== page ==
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Good evening, our top stories on BBC Newsline tonight...
A West Belfast father is found not guilty of killing his baby daughter.
Police failings in their search for
this young man were inexplicable, inexcusable
His family welcomed the corner's finding. It has been so hard to find
answers, the search was not done properly.
A lucky escape for a County Antrim family, as a slurry tanker crashes
Controversy over who will chair talks after the Assembly election -
one former American chairman rules himself out.
The geese who fly in from Iceland to winter in Belfast's Shankill.
On a bumper weekend of rugby, illness sees Ireland's Rory Best
While here in Belfast, Ulster aim for rehabilitation
And the cold weather continues this weekend,
I'll have your full forecast later in the programme.
A man has been found not guilty of murdering his baby daughter.
Caragh Walsh was three months old when she died in February 2014.
Her father - Christopher O'Neill from the Whiterock Road
in West Belfast - was accused of her murder.
The jury at Craigavon Crown Court, sitting in Armagh, this afternoon
Throughout the four-week trial, Christopher O'Neill denied any
suggestion that he found bye-bye Caragh, saying that he loved her to
bits. -Year-old from West Belfast was accused of killing his
three-month-old baby daughter by shooting her violently whilst in a
rage at her home in February 20 14. During the trial, he said that he
had shaken her, trying to revive her, she thought she was dying,
bye-bye Caragh died in hospital two days later.
In Craigavon Crown Court, the jury of 10,000,001 woman, fined by
majority verdict of at least ten to one was not guilty of killing his
baby daughter. -- the jury of one man, ten men, one women. The family
side with Billy. In the gallery behind him, the baby's mother stood
up and shouted, you killed my baby, my baby is dead because of you. She
was led from the court room with her family. Still in the dock, Mr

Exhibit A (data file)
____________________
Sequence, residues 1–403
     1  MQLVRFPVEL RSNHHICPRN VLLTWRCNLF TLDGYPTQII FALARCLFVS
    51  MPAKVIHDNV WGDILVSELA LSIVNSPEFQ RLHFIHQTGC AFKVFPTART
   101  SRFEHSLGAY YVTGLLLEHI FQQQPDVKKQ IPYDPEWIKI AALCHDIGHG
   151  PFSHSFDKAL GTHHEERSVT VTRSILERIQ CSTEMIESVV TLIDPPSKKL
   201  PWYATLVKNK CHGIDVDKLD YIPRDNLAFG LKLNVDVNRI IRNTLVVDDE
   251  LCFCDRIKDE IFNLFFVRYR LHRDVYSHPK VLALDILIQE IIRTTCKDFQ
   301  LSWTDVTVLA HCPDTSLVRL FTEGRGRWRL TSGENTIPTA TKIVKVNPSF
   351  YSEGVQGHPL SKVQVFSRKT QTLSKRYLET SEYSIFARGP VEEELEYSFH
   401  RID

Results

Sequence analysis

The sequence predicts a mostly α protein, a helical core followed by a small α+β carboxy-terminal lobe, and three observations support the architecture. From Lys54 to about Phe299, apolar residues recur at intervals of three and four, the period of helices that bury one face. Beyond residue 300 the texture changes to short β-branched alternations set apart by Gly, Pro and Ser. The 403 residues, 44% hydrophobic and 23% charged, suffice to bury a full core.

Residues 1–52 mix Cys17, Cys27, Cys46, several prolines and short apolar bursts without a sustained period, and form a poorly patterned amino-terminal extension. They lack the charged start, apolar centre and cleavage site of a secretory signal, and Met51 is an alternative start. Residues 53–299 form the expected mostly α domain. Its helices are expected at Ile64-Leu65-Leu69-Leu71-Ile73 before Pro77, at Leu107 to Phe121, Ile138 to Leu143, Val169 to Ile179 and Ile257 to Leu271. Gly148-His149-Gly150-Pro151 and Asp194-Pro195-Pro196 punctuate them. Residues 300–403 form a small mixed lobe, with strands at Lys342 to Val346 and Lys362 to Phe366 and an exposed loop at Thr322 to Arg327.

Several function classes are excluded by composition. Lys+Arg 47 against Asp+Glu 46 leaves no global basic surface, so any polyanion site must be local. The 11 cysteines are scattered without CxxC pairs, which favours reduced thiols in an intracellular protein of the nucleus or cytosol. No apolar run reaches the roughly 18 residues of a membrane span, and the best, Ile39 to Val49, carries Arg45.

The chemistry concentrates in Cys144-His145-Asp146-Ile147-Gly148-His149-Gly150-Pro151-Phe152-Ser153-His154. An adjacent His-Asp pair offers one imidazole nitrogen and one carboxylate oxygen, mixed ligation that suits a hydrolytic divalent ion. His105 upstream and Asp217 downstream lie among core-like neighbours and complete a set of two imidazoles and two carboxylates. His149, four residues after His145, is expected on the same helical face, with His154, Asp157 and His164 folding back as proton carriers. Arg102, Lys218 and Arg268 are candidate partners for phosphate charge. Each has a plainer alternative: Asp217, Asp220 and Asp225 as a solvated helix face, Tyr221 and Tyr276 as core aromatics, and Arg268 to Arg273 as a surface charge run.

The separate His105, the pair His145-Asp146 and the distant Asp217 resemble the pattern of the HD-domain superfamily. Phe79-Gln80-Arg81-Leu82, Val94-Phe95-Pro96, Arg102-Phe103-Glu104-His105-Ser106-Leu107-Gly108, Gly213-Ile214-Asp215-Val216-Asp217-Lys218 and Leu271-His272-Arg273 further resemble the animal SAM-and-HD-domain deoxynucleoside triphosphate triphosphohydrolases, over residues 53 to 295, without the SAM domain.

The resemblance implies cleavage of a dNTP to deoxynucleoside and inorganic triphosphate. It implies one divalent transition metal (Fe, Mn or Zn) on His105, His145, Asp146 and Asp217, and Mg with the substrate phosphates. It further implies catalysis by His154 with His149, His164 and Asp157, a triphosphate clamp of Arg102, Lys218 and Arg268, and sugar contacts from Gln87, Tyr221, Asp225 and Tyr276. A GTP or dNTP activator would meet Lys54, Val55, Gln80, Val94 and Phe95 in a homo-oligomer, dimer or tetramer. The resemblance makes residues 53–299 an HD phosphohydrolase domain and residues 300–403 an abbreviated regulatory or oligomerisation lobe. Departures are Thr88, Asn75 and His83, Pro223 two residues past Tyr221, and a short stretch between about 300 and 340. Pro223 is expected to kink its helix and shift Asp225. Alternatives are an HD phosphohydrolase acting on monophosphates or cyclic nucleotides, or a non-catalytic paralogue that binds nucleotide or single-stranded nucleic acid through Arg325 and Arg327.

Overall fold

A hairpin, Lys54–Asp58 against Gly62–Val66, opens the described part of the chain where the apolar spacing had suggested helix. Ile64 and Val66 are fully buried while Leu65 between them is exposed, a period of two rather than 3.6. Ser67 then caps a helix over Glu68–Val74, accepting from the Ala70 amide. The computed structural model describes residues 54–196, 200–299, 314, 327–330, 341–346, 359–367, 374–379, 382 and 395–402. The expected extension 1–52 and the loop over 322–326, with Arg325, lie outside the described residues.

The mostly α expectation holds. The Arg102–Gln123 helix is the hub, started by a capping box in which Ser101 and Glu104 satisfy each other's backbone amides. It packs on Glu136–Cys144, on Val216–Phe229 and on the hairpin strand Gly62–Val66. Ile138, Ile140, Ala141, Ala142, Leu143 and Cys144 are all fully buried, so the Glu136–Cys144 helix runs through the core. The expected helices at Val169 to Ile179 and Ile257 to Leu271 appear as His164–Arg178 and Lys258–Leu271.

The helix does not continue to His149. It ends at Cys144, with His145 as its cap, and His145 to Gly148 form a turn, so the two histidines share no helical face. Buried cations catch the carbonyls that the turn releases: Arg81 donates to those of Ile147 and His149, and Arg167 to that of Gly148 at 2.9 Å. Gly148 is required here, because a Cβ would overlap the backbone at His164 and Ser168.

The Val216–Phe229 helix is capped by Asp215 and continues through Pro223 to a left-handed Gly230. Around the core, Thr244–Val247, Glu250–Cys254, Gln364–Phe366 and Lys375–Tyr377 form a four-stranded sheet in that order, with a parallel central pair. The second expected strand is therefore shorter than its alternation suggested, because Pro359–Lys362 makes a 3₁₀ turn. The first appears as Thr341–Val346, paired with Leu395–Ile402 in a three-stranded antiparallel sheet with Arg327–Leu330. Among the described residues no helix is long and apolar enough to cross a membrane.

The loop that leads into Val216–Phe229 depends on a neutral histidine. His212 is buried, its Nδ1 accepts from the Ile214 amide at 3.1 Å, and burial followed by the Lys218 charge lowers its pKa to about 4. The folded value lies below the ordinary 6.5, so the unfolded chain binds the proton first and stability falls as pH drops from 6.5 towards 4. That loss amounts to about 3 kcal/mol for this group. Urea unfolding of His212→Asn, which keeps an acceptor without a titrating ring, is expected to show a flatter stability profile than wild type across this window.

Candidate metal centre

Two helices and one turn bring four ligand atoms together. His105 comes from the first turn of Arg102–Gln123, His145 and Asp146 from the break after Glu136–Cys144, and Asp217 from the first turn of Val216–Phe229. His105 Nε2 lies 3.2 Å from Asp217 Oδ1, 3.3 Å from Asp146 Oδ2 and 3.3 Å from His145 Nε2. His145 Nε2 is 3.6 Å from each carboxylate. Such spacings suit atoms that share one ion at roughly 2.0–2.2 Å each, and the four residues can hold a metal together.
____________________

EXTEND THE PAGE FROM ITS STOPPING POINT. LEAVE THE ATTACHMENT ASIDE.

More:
O'Neill put his head in his hands. When the judge said he was free to
leave, his family applauded and have Tim and said, we love you. Mr
O'Neill's solicitor said it had been a difficult case with no winners.
A coroner has criticised police for failing to find a young man
who died after going missing from a mental health unit.
His body was found ten weeks later close to the unit
22-year-old James Fenton had been identified as "high risk"
after telling staff he wanted to kill himself.
The family of James Fenton were at court this afternoon
for what marked the end of long, difficult and at times
It's been our horrendously long road, not just for a few months, but
for 6.5 years. It has been so, so hard.
22-year-old James Fenton went missing from Ward 27
at the Mental Health Unit in early July 2010.
And police were called in to search the grounds
They failed to find the missing man, whose body was discovered
less than 40 metres from the Mental Health
The coroner was a very critical of the police response when James
Fenton went missing from the mental health unit. He describe you feel
size inexplicable, -- describe refill yours as inexplicable and
excusable. It was said that he could have found them more quickly
although it could not be said with Steve would have been alive. --
could not have said whether he would have been alive.
A police ombudsman report was also critical of how the case
was handled and 12 officers were subsequently disciplined.
The PSNI has since changed its policy and practices on missing
persons as a direct result of the Fenton case.
The coroner described the actions of the hospital staff at the time
But he had harder words for the PSNI.
Joe McCrisken said consideration should have been given
to a police dog search, which may have led to Mr Fenton
being found shortly after he'd absconded.
Today, the PSNI issued a wholehearted apology to the Fenton
family for the police failings in this case.
I am hoping things will change. I know that the PSNI have changed. We
have changed how to search for a missing person but they cannot make
the excuse of not enough funding for mental health, things have to
change. How many more people have to lose their lives?
The coroner found that, due to advanced decomposition,
the cause of James Fenton's death was unascertainable,
although it was his view that the young man died
shortly after he climbed over the gate and absconded from
the Ulster Hospital's Mental Health Unit.
Mervyn Jess, BBC Newsline, at Belfast Coroner's Court.
A care worker found guilty of abusing elderly residents
at a care home in Dunmurray has been sentenced
41-year-old Lisa Cullen from Lagmore Drive in Dunmurray
was sentenced after pleading guilty to assaulting a whistleblower
from the home at a previous court appearance.
Our reporter, Dan Stanton, was in court.